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Narrowband imaging





I am just starting narrowband imaging with my Canon DSLR.


Is there any specific setting I should use? (Should there be since it is an RGB sensor and not mono?)

There will be some specific post-processing work to be done, but should there be any pre-processing or setting to use?




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NB subs will take a long time. Just be prepared for that. Where my OSC subs were 8 min, the NB subs were 30.


Since you're going to have essentially noise in the other channels, you may want to remove un-used channels in processing.


Ha and Si are both "red", so you could remove blue and green

Oii is blue-green, so you could remove red, and possibly just keep green (twice as many pixels as blue or red anyway) but you should compare your green and blue channels to decide. No sense in throwing away a channel with good signal to noise.


I think the exact workflow would depend on what you're using for stacking. If DSS, I'd probably stack the OSC data, then split the result into channels and remove the non signal data before further processing.


If you are using something more oriented to mono data, like CCDstack, you would split the subs into channels before anything else.


What are you going to use for post processing, Photoshop?

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dts350z is correct. Using a DSLR for narrowband imaging will require very long exposures, since the filter is passing only a small fraction of the total light.


There should be no other special considerations during capture. Except that if the filter is a clip-in filter, focusing can be a major pain.  You can get close to critical focus without the filter, then you have to dismount the camera, insert the filter, and remount the camera. You then should re-adjust the focus, but you need a star that is bright enough in the narrowband wavelength to focus on.  This most often means that you will not be able to use LiveView, but instead will have to take snap images for focusing.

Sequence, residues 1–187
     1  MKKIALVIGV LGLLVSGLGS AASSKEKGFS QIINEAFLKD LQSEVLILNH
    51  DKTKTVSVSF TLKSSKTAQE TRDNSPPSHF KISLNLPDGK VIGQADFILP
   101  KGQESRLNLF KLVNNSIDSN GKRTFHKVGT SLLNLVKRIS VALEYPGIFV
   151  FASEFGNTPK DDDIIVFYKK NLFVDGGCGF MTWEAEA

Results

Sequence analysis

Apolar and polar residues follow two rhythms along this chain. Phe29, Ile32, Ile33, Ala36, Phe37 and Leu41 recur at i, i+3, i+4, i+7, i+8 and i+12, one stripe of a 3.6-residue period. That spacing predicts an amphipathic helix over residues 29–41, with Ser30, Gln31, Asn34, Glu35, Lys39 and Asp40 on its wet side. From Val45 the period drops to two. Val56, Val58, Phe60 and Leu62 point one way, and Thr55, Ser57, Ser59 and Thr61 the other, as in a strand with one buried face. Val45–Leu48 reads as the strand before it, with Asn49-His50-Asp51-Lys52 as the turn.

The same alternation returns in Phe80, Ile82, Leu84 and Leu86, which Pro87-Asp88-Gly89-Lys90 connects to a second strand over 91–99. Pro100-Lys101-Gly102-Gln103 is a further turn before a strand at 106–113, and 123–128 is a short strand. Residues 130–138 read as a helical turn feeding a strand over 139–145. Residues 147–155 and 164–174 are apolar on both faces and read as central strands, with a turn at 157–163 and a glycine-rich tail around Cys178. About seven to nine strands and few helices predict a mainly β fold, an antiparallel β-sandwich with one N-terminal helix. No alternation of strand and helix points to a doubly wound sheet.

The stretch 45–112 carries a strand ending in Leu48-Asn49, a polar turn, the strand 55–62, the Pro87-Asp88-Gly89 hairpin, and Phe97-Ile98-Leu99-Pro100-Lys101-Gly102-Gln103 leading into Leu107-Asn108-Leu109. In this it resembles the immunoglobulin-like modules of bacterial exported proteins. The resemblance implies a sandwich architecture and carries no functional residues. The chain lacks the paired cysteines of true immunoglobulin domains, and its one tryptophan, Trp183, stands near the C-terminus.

Your processing workflow will depend on how you intend to use the narrowband data. 


Say that you are using a Hydrogen alpha (Ha) filter.  Since the Ha wavelength is deep in the red range, only the red pixels on you sensor will collect any photons. The values for the green and blue pixels will only have noise. Now you go through your normal stacking process (debayer, calibrate, normalize, grade, align, and combine are typical steps).  You will end up with a color (RGB) image, but only the red channel will have any data. So, what do you do now???


The simplest thing is to extract the red channel data into a monochrome image. How you do that will depend on what app you are using.  You can then process and publish that monochrome image, or you could process it and re-combine it with other data in some way.  There are really several options.One possibility is  to combine Ha data with RGB data for the same target by aligning the Ha data with the RGB data and then layering the Ha data in as a luminance layer.  Another option is to replace the red data in the RGB image with the Ha data.


One good source for how to combine Ha with RGB data is Photoshop Astronomy by R. Scott Ireland, published by Willmann-Bell.


IMO, and with all of that said, I do not recommend shooting narrowband with a DSLR, or any one-shot color camera for that matter. Others will likely disagree, since just purchasing a filter is much cheaper than purchasing a CCD camera with a filter wheel, plus filters.


In my above example, with an Ha filter, only 25% of the pixels (those with red filters) collect any data.  The debayering process then interpolates (makes up) red data for the green and blue pixels. Contrast that with a monochrome astroCCD camera where every pixel will collect the Ha data with a 16-bit data range, and you can bin 2x2 to increase the sensitivity.  It makes your processing much easier to create a satisfying image.

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